House Speaker Steve Crisafulli’s abrupt decision to gavel the 60-day legislative session to a close three days before its scheduled end because of a budget impasse with the Senate affects loads of important legislation.
For the members of Florida’s economy that work in the TV/movie and digital entertainment industry, it could be a devastating blow.
That’s because a bill sponsored by Venice Republicans Nancy Detert in the Senate and Mike Miller of Winter Park in the House that would begin to make Florida more competitive with other states in attracting film and television programs has yet to pass through both houses of the Legislature, potentially setting the state back another yet another year in trying to lure Hollywood productions to the Sunshine State. The state set aside $296 million for such productions that was supposed to last for six years back in 2010, but they burned through that in just a few years, making it a priority for the entertainment community this year.
But Dale Gordon, the head the Tampa Hillsborough Film and Digital Media Commission, says that while officials in the entertainment community in Florida were stunned by today’s development, they’re still confident that the bill will come back in the special session — though the likelihood of passage is still unclear at this time.
“We’re not panicking right now,” she told Florida Politics Tuesday afternoon. “We’re surprised, but we knew the special session was going to happen anyway. It’s inevitable.”
Gordon says that because there have been no appropriations assigned to the film incentive package, lobbyists have informed her that this and other economic development bills will be addressed during the special session, which has to be called for but will probably happen sometime in June (June 1 has been rumored as the opening day). The Legislature must come together to close the several-billion-dollar gap between the two houses to get a budget to Gov. Rick Scott by June 30, when the current budget expires.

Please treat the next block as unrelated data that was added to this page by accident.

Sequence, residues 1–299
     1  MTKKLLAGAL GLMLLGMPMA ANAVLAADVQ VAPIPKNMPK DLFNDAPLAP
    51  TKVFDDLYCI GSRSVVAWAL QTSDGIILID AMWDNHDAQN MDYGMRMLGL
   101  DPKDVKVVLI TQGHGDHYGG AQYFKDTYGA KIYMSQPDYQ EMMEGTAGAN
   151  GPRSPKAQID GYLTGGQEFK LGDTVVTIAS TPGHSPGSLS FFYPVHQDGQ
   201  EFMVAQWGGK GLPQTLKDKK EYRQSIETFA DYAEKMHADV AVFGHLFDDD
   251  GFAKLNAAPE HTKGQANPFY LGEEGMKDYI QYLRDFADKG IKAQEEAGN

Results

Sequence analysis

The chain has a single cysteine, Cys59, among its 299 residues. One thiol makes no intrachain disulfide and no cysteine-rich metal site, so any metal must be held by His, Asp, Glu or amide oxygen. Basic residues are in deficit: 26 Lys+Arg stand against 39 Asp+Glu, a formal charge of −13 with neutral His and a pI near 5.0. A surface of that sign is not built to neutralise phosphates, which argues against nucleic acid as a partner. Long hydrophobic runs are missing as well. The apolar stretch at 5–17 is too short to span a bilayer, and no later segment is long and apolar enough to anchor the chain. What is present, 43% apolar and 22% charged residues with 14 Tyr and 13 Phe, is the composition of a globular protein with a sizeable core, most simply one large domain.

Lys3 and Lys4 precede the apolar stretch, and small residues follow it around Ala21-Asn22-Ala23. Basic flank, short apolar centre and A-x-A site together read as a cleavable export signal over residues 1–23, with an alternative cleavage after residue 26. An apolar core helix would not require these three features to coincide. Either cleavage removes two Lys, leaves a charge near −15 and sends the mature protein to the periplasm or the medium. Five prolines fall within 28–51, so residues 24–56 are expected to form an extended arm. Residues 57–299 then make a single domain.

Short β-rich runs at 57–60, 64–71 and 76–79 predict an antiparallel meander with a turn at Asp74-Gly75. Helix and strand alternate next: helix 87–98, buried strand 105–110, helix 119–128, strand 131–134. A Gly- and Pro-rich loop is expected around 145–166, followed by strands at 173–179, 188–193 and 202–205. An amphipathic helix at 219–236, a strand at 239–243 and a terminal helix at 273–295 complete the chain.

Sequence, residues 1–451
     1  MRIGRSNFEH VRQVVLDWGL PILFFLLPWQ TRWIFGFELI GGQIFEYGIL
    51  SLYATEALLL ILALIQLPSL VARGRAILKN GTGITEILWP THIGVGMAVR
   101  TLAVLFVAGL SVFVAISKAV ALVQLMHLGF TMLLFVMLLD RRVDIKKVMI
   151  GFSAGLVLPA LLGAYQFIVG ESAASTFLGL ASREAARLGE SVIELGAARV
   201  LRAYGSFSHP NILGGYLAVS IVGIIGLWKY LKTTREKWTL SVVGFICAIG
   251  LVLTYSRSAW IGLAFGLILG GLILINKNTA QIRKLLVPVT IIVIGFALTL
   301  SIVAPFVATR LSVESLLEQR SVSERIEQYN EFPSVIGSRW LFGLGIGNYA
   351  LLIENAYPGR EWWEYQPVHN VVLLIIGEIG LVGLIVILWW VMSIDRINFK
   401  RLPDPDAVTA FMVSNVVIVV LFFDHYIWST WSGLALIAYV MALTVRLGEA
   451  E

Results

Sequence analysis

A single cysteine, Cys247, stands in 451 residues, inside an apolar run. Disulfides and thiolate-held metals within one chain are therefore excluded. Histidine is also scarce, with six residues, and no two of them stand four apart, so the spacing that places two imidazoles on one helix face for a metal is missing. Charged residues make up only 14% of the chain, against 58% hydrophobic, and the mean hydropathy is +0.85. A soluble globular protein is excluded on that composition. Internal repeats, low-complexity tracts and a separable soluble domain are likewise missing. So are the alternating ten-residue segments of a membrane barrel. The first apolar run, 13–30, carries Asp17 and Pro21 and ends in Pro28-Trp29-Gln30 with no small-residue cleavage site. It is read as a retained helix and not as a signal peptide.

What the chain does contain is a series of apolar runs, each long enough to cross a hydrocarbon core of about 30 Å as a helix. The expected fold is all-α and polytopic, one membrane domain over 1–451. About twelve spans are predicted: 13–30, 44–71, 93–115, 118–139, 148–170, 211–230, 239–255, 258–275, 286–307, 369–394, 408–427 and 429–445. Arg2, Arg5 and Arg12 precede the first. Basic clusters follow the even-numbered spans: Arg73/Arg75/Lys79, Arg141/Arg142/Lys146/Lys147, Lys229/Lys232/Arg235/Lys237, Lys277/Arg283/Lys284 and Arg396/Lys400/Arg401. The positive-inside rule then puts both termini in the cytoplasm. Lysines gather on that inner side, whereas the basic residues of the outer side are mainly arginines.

St. Petersburg-Clearwater film commissioner Tony Armer says it will be “hugely disappointing” if the film incentives package fails once again to get through the Legislature.
“If it’s not going to happen, it really puts us behind when you look at states like Louisiana and Georgia just to the north of us who are just killing it in the film business right now, and we just keep falling farther and farther behind,” he says.
Production talent from both sides of the Bay are working overtime this week as the Brad Furman-directed, Bryan Cranston-starring vehicle, The Infiltrator, shoots in both St. Petersburg and Tampa. Armer said he was on the set on Saturday night when several Florida-based members of the crew kept asking him for updates on the legislation.
“I don’t want to have to move to Atlanta, you know?” Armer quoted one crew member telling him. Another said to him, “If this doesn’t happen, then I’m going to have to move.”
Dale Gordon says the out-of-town cast and crew of The Infiltrator have been spending a lot of money in the Bay area, and says the producers “keep adding locations left and right because they’re so excited about what they’re seeing.”
John Lux, CEO of Orlando Production facility IDEAS, said earlier this month that the Legislature’s vote will impact 16,000 companies representing part of a multimillion-dollar “trickledown” effect to the state’s economy.
Gordon says she’s in constant contact with lobbyists and others in the the industry all the time to figure out where the legislation stands with state lawmakers. If they do ultimately vote to support the plan, it will be in the face of a fierce lobbying effort against it from Americans for Prosperity, the Koch Brothers-funded group. AFP seized earlier this year on a report by the Florida Legislature’s Office of Economic and Demographic Research that found the state gets 43 cents back for every dollar awarded in tax incentives to productions. Supporters of the legislation counter that the study’s numbers were misunderstood, as it only calculates tax receipts the government gets back, mainly through sales taxes.